Fresh Off The Boat – TV’s first All-Asian Sitcom – Season 1 Review




There was a lot of buzz leading up to the premiere of the ABC sitcom ‘Fresh Off The Boat‘, based on the book by world renowned food personality and VICE contributor Eddie Huang, or atleast inspired by it. It is the first all-Asian sitcom on American television (since Margaret Cho’s All American Girl) featuring a family from Taiwan.

fresh-off-the-boat-eddie-orlando-magic-gearThe lead character is Eddie Huang – An Asian kid, who is really into American Hip-Hop culture. The series centers around him trying to ‘fit-in’ at school and the suburban society around him.

So how does it stack up? Was the buzz worth it? Let’s check it out:

Now, the first rule I have when it comes to any sitcom, breakthrough or not, is that it has to be funny.

Genuinely funny, not just laughing-track funny…

In that sense YES!

Fresh Off The Boat delivers, and all without that annoying laughing track. The humour in the show is based on randomness and awkwardness…

Check out this scene for example:

The show is filled with moments like these, where Eddie’s hip-hop attitude is in the mix with his “trying-to-be-as-tumblr_inline_nk1laleJzY1rggm3qamerican-as-possible” father and “Sneaky-in-your-face” mother. As well as some awkward and random moments with Eddie’s two younger brothers, who are the exact opposite of Eddie. The grandmother also, who only speaks Chinese, steals some of the show’s most hilarious moments.

BTW…On a side note, you may notice that that the father is portrayed by Randall Park, who played Kim Jong Un in the highly controversial ‘The Interview‘.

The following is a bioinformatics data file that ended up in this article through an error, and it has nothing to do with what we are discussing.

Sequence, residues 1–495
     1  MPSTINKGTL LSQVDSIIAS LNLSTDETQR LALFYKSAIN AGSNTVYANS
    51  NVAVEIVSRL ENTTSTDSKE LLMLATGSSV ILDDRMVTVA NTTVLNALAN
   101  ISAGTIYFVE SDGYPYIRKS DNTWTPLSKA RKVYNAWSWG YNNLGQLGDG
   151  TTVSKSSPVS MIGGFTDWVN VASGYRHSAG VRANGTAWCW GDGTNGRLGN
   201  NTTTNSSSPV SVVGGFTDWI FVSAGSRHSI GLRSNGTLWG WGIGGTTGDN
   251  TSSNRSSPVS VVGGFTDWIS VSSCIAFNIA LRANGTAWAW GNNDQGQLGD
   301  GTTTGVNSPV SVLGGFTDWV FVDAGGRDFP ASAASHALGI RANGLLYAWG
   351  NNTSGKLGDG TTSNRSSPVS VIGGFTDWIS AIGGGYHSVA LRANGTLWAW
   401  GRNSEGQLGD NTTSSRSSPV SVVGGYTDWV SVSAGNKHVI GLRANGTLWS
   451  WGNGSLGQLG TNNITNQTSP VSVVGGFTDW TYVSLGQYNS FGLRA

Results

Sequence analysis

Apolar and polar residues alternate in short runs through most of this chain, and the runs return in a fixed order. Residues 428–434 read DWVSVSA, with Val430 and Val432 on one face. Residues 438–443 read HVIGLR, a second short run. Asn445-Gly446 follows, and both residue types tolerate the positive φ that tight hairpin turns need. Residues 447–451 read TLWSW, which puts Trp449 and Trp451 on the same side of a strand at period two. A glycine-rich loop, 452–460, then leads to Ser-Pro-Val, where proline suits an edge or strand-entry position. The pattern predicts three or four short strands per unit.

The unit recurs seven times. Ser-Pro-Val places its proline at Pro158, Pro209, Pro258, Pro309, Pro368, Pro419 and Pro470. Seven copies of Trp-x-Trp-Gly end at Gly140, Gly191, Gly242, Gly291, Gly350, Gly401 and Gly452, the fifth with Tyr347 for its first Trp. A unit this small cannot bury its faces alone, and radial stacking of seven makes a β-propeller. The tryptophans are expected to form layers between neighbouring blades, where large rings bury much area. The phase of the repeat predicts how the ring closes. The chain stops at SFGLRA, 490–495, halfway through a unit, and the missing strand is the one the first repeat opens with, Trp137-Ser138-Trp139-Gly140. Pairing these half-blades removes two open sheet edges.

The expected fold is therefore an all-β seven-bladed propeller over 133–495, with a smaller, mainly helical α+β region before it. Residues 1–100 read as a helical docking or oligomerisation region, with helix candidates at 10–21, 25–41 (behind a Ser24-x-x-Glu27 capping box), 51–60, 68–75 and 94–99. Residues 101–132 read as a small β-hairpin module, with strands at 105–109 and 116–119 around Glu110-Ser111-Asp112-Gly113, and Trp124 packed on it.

Anyways…If one had to make a comparison, the closest example of something like this was the show ‘Everybody Hates Chris’ Created and narrated by Chris Rock, just like ‘Fresh Off The Boat’ is created and narrated by Eddie Huang.

The show is set in the 90s, so there are all sorts of references to 90s Pop-Culture nostalgia, including video games, celebrities and novelty products (They even pay respects to their own pre-cursor, Margaret Cho’s  ‘All American Girl’ which aired in 1994)

I definitely think that there needs to be more Sitcoms like these, Even though the show isn’t a sweeping representation of the immigrant experience. Even though I am Indian, I am able to relate to so many of the situations from my own childhood experiences…I was into the Hip-Hop Culture as well, and I also had some conflict when bringing Indian Food to school…and that’s just the first few episodes…haha

Yes, the show definitely has some issues to sort out, going into the second season (which I hope it does) but in a world of sitcoms dominated by the now-boring Big Bang Theory and several other similarly-shitty novelty ideas. Fresh Off The Boat is just that, a breath of fresh air in a tired genre…

The show is set to air in NZ in May, but until then you should definitely Check It Out online.


Archaeo Outdoor TableBy:
Dhaivat Mehta

(Editor – ARTbop alternative)

Dhaivat Mehta is a film-maker and performance poet, and a member of the Tauranga Writers…Involved with many aspects of local creativity! As an organizer he was responsible for last year’s National Poetry Day event “Caught In The Act” He also raps and does spoken word under the stage name Archaeo


About Author

ARTbop has been written, collated and distributed as a free Bay of Plenty arts focused periodical to cafes in Tauranga and its surrounds.  Starting as a simple text newsletter, ARTbop now has several excellent contributors and covers a wide range of topics informing readers of the thriving art scene and interesting events that happen in the Bay of Plenty. You might have heard about us through friends, or even picked up a copy to read while you were out having coffee. We've got lots of exciting and ambitious plans for this website.  If you’re interested in contributing, advertising or you would like to profile your portfolio on our artists gallery, or have an event that you think should be reviewed, please contact us at

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